In May 2020, the Supreme Court decided the trademark case of Lucky Brand Dungarees, Inc. v. Marcel Fashions Grp., Inc., 140 S. Ct. 1589 (2020) and expressly refused to extend preclusion doctrines in the trademark realm beyond their traditional bounds set by the doctrines of issue and claim preclusion.
One month later, the Federal Circuit decided In re PersonalWeb Techs. LLC, 2020 WL 3261168 (Fed. Cir. June 17, 2020) and happily extended a quirky patent law preclusion doctrine beyond those traditional bounds. See Kessler v. Eldred, 206 U.S. 285 (1907) (Kessler doctrine). In its decision, the Federal Circuit explained its expansion of Kessler “fills the gap left by claim and issue preclusion.” see Brain Life, LLC v. Elekta Inc., 746 F.3d 1045 (Fed. Cir. 2014).
Now, PersonalWeb has petitioned the Supreme Court for writ of ceritorari — pointing largely to Lucky Brands for its foundation. Questions Presented:
This Court has repeatedly held that, absent guidance from Congress, courts should not create special procedural rules for patent cases or devise novel preclusion doctrines that stray beyond the traditional bounds of claim and issue preclusion. Nonetheless, over the past seven years, the Federal Circuit has created and then repeatedly expanded a special, patent-specific preclusion doctrine that it attributes to this Court’s 114-year-old decision in Kessler v. Eldred, 206 U.S. 285 (1907)—a case this Court has not cited for almost 70 years. The Federal Circuit now routinely applies its so-called “Kessler doctrine” to reject suits like this one that would survive under ordinary preclusion principles.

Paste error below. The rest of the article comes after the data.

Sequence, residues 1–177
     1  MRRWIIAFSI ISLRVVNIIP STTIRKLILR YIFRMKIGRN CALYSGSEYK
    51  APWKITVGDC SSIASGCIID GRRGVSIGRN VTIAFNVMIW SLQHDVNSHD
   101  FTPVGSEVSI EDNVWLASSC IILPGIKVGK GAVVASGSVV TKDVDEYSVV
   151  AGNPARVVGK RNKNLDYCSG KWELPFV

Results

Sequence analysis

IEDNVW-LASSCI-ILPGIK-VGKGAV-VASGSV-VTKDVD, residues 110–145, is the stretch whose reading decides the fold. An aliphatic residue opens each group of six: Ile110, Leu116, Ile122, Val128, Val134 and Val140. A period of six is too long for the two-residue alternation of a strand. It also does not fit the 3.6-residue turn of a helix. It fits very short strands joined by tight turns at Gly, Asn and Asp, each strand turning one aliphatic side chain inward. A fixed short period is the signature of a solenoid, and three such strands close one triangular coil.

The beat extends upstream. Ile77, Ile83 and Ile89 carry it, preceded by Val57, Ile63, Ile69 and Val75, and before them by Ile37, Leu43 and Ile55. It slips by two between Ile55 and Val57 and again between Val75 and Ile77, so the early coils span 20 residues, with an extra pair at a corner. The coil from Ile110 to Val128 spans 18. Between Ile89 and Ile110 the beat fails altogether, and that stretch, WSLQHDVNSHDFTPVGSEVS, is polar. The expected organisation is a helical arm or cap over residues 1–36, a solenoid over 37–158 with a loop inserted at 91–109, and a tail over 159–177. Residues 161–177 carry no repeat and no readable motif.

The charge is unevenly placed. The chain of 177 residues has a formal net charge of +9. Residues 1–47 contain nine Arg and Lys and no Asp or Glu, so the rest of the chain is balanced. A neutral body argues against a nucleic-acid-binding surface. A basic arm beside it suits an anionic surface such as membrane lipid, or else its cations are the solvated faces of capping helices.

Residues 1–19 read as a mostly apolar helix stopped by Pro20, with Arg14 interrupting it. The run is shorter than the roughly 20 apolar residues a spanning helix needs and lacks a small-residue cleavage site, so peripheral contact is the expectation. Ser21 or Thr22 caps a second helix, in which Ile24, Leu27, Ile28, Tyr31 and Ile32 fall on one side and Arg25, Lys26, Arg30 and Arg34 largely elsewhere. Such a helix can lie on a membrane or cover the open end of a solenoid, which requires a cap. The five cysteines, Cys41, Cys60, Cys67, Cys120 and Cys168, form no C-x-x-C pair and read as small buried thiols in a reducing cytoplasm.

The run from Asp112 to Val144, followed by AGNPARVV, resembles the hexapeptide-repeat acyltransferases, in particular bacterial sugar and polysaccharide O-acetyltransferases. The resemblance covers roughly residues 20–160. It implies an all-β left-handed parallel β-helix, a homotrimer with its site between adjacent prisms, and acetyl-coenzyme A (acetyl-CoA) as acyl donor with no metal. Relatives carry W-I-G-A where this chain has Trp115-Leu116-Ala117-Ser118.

The questions presented are:
1. Whether the Federal Circuit correctly interpreted Kessler to create a freestanding preclusion doctrine that may apply even when claim and issue preclusion do not.
2. Whether the Federal Circuit properly extended its Kessler doctrine to cases where the prior judgment was a voluntary dismissal.
The petition does two things here: (1) calls into question whether Kessler still applies and (2) even if Kessler itself is still good law, explains how the Federal Circuit has improperly extended the doctrine in cases such as PersonalWeb and Brain Life.
Read the petition: PersonalWeb petition
Read my prior post below: